French in the Americas

The Newberry's holdings relating to the French in the Americas range from the accounts of the sixteenth-century explorers to marriage records for Quebec from the mid-twentieth century. The Newberry's extensive collections of manuscript and printed maps, travel literature, mission histories, and genealogical records demonstrate the crucial role played by the French in the cultural evolution of the Western hemisphere from the early 1500s onwards. These collections are complemented by strong holdings in French history and culture, which provide further opportunity for research in the transatlantic context.

Many, although not all, of these holdings are found in the Edward E. Ayer Collection. The Ayer collection is rich in printed and manuscript accounts of the discovery, exploration and settlement of the Americas, with a particular focus on Indian-European contacts. The Ayer collection contains more than 130,000 volumes and 1,350 single manuscripts and manuscript collections dating from the seventeenth through the twentieth century. In addition, there are numerous photographs and original works of art.

Additional titles relating to the history of the French in the Americas are found in the Everett D. Graff Collection. The Graff collection comprises some 10,000 books and manuscripts, many of them extremely rare, most dealing with the exploration and settlement of the trans-Mississippi West in the nineteenth century.

The following descriptions illustrate some of the many opportunities for research on the French in the Americas:

Missions/Jesuit Relations 
The Newberry has a complete collection of early printed letters from Jesuit missionaries throughout New France and beyond from the late sixteenth century to the late nineteenth century.

Travel Writings/Fur Trade
Both Ayer and Graff collections include first editions of most of the printed French travel accounts from North America from the sixteenth through the eighteenth century, as well as translations into other European languages. The holdings also include fur traders’ accounts from the nineteenth century, and eighteenth and nineteenth-century travel accounts in the Caribbean, and subsequent twentieth-century editions of these earlier works.

Colonial History 
The Newberry has an abundance of primary source material documenting the British, French, Spanish, and Portuguese colonies and the interaction of Europeans with native peoples. The manuscripts and printed works cover many facets of the colonial period, the westward movement of Europeans, and the settlement of new regions, including:

  • French colonial administration and provincial politics
  • Treaty negotiations
  • Colonial wars
  • Land speculation and boundary disputes
  • Indian society, culture, language and religion
  • Indian social, economic and legal status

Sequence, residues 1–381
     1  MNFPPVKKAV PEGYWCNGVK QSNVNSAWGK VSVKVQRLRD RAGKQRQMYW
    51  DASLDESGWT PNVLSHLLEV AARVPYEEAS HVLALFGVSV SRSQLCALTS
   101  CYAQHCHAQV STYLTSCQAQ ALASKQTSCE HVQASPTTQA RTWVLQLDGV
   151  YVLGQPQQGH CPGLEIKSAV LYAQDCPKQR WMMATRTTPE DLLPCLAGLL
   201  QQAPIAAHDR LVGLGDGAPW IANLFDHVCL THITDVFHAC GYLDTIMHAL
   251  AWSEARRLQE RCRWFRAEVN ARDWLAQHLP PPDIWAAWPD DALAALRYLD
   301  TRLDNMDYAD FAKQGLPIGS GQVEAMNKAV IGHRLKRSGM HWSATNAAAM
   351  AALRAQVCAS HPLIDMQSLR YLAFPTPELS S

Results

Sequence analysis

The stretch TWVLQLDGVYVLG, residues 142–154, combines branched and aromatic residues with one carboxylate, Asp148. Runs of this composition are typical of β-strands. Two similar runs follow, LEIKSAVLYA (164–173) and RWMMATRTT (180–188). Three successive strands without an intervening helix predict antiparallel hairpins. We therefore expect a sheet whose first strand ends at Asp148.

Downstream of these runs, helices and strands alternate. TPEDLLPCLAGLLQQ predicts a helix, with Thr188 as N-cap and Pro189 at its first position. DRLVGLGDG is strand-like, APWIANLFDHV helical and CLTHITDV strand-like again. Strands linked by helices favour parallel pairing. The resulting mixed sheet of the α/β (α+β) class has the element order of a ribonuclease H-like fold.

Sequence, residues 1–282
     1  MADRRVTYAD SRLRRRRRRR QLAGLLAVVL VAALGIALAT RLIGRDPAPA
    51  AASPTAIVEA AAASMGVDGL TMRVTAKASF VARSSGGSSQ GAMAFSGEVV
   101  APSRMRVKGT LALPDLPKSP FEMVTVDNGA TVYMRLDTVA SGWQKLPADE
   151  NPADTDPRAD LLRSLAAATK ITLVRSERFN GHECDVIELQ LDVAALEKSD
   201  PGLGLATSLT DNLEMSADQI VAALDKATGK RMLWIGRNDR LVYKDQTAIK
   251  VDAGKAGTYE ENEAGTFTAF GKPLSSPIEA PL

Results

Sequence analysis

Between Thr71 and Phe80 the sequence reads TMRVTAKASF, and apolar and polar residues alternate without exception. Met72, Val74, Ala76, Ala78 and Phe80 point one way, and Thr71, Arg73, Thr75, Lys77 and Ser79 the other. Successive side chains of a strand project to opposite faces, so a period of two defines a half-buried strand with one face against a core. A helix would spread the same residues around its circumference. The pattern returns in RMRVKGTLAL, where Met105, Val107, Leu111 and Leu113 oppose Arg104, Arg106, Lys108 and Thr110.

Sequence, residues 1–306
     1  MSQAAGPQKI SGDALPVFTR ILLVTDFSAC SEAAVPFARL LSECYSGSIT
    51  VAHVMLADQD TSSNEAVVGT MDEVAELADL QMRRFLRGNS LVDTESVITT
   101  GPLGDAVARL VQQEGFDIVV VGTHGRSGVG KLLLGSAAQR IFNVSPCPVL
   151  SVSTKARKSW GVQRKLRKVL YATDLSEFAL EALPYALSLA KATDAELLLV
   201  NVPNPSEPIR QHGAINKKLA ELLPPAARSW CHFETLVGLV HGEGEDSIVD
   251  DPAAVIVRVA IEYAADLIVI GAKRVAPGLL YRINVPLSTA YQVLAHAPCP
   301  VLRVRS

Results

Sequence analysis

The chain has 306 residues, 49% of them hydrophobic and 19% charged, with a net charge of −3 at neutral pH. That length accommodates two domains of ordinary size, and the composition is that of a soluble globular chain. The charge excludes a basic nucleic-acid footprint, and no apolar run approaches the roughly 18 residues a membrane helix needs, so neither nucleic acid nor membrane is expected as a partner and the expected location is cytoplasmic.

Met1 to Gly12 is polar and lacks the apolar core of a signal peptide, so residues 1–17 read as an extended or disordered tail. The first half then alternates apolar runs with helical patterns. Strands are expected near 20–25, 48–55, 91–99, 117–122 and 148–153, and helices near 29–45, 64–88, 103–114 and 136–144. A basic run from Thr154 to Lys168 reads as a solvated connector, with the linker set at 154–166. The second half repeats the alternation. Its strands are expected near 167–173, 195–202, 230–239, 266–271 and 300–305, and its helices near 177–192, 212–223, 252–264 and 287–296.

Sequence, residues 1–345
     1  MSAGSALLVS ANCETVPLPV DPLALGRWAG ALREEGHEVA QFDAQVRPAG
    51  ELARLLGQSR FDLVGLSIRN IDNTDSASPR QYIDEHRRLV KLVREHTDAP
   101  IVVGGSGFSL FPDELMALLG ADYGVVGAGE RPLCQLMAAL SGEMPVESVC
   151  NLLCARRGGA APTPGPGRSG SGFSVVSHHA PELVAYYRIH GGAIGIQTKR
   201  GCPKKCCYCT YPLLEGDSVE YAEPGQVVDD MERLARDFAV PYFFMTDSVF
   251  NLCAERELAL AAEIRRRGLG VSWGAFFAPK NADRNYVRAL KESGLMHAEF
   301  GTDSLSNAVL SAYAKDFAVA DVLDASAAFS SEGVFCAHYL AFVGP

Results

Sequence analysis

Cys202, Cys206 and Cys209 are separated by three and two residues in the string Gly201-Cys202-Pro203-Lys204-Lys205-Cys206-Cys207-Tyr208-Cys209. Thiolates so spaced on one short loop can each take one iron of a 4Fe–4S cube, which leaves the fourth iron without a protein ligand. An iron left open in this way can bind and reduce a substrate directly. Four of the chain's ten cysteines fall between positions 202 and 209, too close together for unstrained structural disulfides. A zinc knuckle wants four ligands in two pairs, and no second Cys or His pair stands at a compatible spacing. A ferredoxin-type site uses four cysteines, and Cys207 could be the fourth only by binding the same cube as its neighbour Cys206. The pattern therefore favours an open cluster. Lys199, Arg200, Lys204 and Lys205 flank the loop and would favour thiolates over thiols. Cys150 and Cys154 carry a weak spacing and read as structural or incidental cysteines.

• Captivities and frontier conflicts

French Louisiana and the Caribbean 
Accounts of French Louisiana and the Caribbean are well represented in the collections; these range from LaSalle's exploration of the Mississippi to trade with West Florida and the West Indies, from genealogy of the Acadian parishes of New Orleans to documents from the posts at Nacodoches.

France in the Southern Hemisphere 
The Newberry holds materials documenting the French presence in Latin and South America from the earliest period, including Villegaignon’s Protestant settlement in Brazil. A few examples will illustrate: Charlevoix on the history of Paraguay and the Jesuit reductions, Pelleprat on Jesuits in Guiana as linguists and missionaries, and many accounts of travel through the isthmus of Panama and the early attempts at building a canal.

Natural Science and Early Anthropology 
Throughout the eighteenth and nineteenth centuries France was a leader in the natural sciences and early anthropology of the Americas and, through the Academy of Sciences and others, the main place of publication of travel accounts, missions, language studies and geography for this area of the world. The Newberry holds significant examples, such as Frezier on botanical and physical observations in South America and La Condamine on Peru and astronomical observation.

The Newberry's Local and Family History collection is strong for Canadian research. Significant French Canadian materials include:

  • Census schedules for the province of Quebec from 1831 to 1901
  • Loiselle Card index to Marriages in the Province of Quebec and adjacent areas
  • Many compendia, local histories and bibliographies
  • Resources specific to tracing Acadian family history

Maps and History of Cartography 
The Newberry holds some 300,000 maps issued separately and within larger works, including more than 300 atlases published in France between the early sixteenth and late twentieth centuries. Landmarks in the history of French cartography of the Americas are found in the Ayer and Graff collections, including the works of Samuel de Champlain, Nicholas Sanson, Jacques Bellin, and Pierre F.X. de Charlevoix. Among these are the first printed map of all of the Great Lakes (Ayer 133 .S22c 1656) and early printed maps of the French empire in Canada (Ayer *121 .C6 1632) and the United States (Graff +*2504).

Printed maps are complemented by about 500 manuscript maps in the Ayer Collection. The Cartes Marines document French colonial interests worldwide in the early eighteenth century in over 100 sheets (Ayer *MS map 30). Other highlights include a variant of Marquette's map of the upper Mississippi (Ayer *MS Map 47) and several hundred tracings of maps relating to the history of the French marine.

For more details concerning the specifics of the collection, see the Bibliographic Guide to the Newberry Collections.